# Smoothen an Arc

I'm completely new to Blender. I am trying to smoothen out the arc. however when I'm using the Shade smooth or Subdivision surface modifier, the whole shape crashes. is there a way to smoothen out the arC?

• it won't smooth on the inner faces because you have too many edge loops and they tend to flatten the faces, you should try first to X > Limited Dissolve (see the parameters in the Operator box on the bottom left of your 3D view), then shade smooth, then Properties panel > Object Data > Normals > Auto-Smooth Jun 21 at 21:33

Sorry, I've gone a bit nuts, and this answer has turned into an essay. If you just want a suggestion on how to model your arch, jump to the TLDR, below.

1. Triangulating the mesh
2. Calculating vertex-normals by taking an average of the normals of adjacent triangles
3. Linearly interpolating the shading-normals between the vertex-normals, across the triangles.

These averages and interpolations may be weighted in various ways, but the principle remains the same.

The interpolated normals may be very different from the normals of the underlying geometry, yielding weird-looking results:

Behind your back, the renderers are doing this:

The illustration also shows the vertex-normals. As you can see, where faces meet at 90 degrees, the averaged vertex-normals stick out at 45 degrees. The shading normals are interpolated between those vertex-normals, across the triangles, which is not the same thing as the normals of the underlying faces, at all.

This is especially apparent when large, thin, triangles are interpolated across right-angles between faces. This is partly why N-gons are best avoided, except within entirely flat areas.

By switching on Autosmooth, in the object's Data tab, Normals panel, you can split the normals, per-face, preventing interpolation of normals where faces meet at greater than a threshold angle:

.. which can be an instant 'fix'. But the result can be unnaturally flat. (The material, here, is the same as the one in the previous illustration.)

The normal-interpolation is strictly between adjacent faces. So a Bevel can ease the interpolation of normals between large faces, by inserting small intermediate faces. If the profile of a 2-segment bevel is 1, (so the new faces are coplanar with the old ones) the interpolation is still between normals at right-angles, but restricted to the small bevelled area:

• Top Left: No bevel.

• Top Right: Bevel, 2 segments, shape 1, pretty much the same result as Autosmooth, but with a glint on the edges.

• Bottom Left: Bevel, 3 segments, shape 0.75. You can soften the bevel quite some way. Adjusting the shape can make the normal-interpolation across the original, large, faces more reasonable.

• Bottom Right. Subdivided. Bevelling won't necessarily rescue you from the entirely different problem of how Catmull-Clark subdivision creates new faces, and where it puts new vertices.

Subdivision

Making topology suitable for subdivision is another subject.. but a few rules of thumb:

• Don't give Catmull-Clark faces with concave outlines to subdivide. The algorithm will usually place new vertices outside the faces altogether.
• For the same reason, avoid narrow triangles, sharp angles at 'poles', where more than 4 edges meet.
• After 1 level of subdivision, all your faces will be quads, anyway, so, if you're at a low-poly stage of modelling, n-gons in generally flat or near-flat areas aren't too harmful, but try to model with all-quad topology with squarish faces wherever possible. Blender's selection and modelling tools are geared to working with loops and rings of quads, so your life will be easier,too.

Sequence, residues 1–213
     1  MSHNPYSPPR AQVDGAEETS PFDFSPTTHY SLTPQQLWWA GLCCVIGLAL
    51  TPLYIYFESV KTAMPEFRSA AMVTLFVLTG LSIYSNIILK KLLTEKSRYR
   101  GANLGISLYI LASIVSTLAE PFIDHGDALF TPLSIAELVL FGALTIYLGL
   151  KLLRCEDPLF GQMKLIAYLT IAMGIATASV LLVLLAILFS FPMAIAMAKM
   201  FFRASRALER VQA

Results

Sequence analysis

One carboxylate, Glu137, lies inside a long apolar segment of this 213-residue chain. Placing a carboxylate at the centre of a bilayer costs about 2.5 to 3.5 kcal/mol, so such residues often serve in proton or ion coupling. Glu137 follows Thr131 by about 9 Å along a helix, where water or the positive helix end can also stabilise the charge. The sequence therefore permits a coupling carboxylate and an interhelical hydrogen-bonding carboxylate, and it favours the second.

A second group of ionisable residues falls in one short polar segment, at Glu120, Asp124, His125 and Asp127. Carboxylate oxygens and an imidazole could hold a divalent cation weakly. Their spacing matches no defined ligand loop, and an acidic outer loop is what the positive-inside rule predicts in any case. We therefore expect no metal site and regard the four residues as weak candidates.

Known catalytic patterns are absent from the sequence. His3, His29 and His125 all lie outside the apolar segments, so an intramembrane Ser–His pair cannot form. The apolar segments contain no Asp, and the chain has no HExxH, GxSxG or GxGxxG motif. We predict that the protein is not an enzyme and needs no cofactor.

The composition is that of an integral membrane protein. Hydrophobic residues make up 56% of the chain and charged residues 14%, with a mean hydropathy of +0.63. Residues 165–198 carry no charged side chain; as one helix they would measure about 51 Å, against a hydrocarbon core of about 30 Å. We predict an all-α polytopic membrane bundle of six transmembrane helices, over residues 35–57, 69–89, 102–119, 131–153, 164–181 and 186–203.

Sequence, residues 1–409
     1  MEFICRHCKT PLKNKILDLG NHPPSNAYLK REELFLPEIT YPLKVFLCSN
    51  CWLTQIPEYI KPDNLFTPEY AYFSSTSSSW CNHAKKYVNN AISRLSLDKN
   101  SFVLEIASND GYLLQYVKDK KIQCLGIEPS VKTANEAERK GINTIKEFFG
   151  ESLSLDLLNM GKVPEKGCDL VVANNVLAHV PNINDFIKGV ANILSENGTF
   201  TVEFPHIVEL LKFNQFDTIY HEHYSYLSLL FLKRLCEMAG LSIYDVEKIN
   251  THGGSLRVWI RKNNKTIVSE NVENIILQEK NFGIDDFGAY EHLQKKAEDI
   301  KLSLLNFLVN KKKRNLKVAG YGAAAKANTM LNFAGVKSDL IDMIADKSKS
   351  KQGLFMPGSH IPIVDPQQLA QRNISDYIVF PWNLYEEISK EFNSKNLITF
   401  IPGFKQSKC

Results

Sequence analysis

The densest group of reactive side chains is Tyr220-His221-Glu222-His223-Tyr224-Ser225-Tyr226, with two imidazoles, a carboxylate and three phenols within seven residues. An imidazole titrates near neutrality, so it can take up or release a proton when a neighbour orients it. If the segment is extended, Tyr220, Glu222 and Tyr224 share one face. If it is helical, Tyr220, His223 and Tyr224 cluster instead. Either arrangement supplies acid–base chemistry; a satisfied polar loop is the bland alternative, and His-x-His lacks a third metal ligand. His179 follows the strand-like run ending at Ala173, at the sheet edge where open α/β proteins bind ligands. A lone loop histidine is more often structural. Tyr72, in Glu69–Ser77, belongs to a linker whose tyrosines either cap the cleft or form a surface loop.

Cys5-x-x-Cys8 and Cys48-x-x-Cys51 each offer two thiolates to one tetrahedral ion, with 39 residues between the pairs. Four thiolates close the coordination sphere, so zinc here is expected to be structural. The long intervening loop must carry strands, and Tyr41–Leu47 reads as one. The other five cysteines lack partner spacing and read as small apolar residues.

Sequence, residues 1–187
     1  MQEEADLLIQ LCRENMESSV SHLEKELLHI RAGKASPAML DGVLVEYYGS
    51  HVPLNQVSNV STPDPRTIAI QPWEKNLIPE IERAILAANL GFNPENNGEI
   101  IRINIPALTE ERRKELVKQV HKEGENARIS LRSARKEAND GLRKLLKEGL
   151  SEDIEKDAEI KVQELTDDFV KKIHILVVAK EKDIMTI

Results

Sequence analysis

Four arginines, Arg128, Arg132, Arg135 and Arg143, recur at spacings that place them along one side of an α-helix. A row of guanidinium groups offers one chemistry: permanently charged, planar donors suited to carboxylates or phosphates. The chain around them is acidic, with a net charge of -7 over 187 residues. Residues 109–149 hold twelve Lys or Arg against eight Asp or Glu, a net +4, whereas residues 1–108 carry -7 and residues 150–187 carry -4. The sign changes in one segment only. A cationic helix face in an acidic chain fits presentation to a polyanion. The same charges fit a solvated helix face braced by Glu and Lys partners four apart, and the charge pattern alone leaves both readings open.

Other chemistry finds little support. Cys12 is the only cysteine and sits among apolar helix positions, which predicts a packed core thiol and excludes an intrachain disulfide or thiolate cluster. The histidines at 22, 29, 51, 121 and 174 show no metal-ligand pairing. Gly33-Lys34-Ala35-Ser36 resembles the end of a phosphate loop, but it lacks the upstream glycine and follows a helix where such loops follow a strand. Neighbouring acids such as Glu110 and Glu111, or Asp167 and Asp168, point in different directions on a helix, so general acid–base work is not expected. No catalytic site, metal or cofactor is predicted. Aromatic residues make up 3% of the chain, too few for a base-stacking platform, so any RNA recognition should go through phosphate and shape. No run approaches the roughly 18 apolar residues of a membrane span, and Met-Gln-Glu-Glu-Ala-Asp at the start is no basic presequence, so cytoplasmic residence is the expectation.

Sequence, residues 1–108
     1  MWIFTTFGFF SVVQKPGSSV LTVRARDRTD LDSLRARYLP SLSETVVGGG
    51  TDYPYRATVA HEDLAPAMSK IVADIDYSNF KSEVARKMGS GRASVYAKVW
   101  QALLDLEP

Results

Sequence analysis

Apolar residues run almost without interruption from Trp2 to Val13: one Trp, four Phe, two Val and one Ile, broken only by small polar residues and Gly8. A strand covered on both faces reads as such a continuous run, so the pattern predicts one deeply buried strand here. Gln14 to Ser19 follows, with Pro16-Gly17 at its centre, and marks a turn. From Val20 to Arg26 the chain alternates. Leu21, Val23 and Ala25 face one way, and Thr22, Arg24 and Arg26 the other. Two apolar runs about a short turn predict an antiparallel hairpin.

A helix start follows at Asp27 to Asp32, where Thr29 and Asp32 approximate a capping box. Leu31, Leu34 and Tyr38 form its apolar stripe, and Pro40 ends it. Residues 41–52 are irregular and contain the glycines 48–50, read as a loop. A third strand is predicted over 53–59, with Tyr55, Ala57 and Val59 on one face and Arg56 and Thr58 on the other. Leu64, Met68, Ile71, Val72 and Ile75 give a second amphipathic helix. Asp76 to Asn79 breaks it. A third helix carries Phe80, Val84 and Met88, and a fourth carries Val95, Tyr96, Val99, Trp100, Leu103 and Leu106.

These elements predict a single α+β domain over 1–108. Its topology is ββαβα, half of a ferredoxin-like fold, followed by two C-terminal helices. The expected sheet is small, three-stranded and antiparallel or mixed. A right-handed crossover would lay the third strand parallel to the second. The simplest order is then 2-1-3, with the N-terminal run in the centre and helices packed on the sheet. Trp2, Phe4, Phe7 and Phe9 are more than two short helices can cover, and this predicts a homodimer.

• Try to keep the density of faces even across the model. If you need higher densities in some areas, try to make the transitions smooth.

TLDR;

To model this way, you need some sort of even transition from the semicircular arch to the rectangle that surrounds it. One possible route is this:

1. Starting with a subdivided plane, select inner vertices
2. X > Dissolve the vertices, leaving the perimeter subdivided
3. Face menu > Poke the face
4. CtrlShiftB Bevel the central vertex
5. J join the vertices across the middle
6. X > Delete unwanted faces
7. EY (or whatever axis you're working on) Extrude the bottom edges straight down
8. Select the new long edges, and Edge menu > Subdivide them
9. Select all faces, and E extrude, or use a Solidify modifier.

Then the model is suitable for a Bevel of its sharp edges, either CtrlB by hand, or by using a modifier, and a level or two of Subdivision.

• Dunno why step 5 is in there.. forget that one.. Jun 22 at 18:53

Let's say that you have this arch:

To shade smooth, right click and choose Shade Smooth. The result will be horrible as it will try to smooth between large perpendicular faces, so what you need to do next is go into the Properties panel > Object Data > Normals and enable Auto Smooth in order to define which faces will be smoothed.

Note that the profile won't be rounded though, you need more geometry if you want a round profile, in that case you need to subidive with a smooth value of 1, but it won't work fine, it will round everything unless you've sharpened your angles with additional edges.

The problem with your current topology is that you must have tried to round with subdivisions, but you didn't do the right way, so now it has a lot of faces that are coplanar, so instead of rounding the surface, it will tend to flatten it, even with the Shade Smooth and Auto Smooth. A lot of faces can round a surface if the faces are not co-planar, which is not the case here:

A way to fix your problem is to dissolve the co-planar faces with X > Limited Dissolve, you can tweak the angle in the Operator box if necessary, then give your object Shade Smooth and Auto Smooth and it should work.